During the 1960s, the FHWA, known then as the Bureau of Public Roads and a division of the U.S. Department of Commerce, began conducting human factors and driver behavior studies To to understand the needs and limitations of transportation users. Two researchers with the Bureau of Public Roads, R. M. Michaels and B. W. Stephens, published a journal article in a 1963 issue of the Highway Research Record (predecessor of Transportation Research Record: Journal of the Transportation Research Board) titled "Driver Characteristics, Night Visibility, and Driving Simulation." The article described the use of a simulation experiment at the Bureau of Public Roads' laboratory to study driver performance by tracking activities, such as eye movements.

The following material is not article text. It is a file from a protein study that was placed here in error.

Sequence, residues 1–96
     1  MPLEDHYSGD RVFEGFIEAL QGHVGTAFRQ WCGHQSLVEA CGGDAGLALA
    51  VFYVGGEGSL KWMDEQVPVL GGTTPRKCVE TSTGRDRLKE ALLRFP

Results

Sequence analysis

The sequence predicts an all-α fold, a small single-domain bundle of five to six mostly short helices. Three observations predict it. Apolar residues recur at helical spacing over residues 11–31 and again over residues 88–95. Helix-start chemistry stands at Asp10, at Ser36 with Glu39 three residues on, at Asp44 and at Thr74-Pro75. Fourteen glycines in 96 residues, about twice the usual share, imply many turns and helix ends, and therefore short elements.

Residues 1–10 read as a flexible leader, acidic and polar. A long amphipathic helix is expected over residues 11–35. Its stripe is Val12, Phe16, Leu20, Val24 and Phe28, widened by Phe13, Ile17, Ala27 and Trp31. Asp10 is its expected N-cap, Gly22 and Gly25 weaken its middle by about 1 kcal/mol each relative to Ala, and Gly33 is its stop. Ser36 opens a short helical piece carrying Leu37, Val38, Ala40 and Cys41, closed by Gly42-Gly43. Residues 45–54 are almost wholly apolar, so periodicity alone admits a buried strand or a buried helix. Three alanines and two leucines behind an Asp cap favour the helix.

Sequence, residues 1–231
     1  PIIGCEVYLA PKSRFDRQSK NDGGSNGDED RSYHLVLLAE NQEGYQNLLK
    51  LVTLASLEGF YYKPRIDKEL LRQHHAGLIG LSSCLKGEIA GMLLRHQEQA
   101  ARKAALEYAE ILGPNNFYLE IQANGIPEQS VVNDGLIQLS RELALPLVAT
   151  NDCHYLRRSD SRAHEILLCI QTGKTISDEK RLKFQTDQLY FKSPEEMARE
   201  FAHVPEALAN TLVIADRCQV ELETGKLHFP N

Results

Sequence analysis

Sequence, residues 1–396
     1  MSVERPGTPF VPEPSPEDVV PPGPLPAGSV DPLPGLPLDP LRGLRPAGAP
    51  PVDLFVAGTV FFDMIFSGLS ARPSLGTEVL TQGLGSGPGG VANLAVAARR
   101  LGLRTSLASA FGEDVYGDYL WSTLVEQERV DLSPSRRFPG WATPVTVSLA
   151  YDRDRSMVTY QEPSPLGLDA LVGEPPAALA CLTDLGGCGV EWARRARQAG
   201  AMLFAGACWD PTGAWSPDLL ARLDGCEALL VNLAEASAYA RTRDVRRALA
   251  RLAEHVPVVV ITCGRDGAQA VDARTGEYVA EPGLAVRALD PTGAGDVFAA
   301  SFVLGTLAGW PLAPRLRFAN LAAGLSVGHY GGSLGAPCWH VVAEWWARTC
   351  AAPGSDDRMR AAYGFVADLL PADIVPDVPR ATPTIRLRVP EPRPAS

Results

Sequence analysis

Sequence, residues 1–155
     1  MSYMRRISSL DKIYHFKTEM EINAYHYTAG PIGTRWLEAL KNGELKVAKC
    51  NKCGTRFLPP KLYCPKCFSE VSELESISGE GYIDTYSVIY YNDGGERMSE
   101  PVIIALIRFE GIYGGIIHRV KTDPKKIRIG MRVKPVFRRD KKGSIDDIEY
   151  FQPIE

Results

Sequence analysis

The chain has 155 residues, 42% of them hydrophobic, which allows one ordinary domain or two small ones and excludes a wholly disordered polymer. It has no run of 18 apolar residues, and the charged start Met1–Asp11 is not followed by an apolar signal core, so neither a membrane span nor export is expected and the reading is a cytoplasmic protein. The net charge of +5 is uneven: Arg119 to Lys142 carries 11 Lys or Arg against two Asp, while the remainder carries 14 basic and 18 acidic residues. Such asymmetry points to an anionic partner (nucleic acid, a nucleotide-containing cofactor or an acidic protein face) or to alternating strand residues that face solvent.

Another example of FHWA's ongoing support of transportation-related human factors research is a 1981 article by D. A. Gordon. This article, published in Public Roads, described several studies that examined the design of roadway signs using human factors principles, such as applying a correct legibility ratio on sign letters to help drivers read and understand these signs from a distance.
In subsequent years, FHWA's human factors team, with support from onsite technical contractors, has performed numerous studies using a variety of research tools to gain better understanding of the capabilities and limitations of drivers in the context of transportation infrastructure and improvements to enhance travel safety
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Turner-Fairbank Highway Research Center
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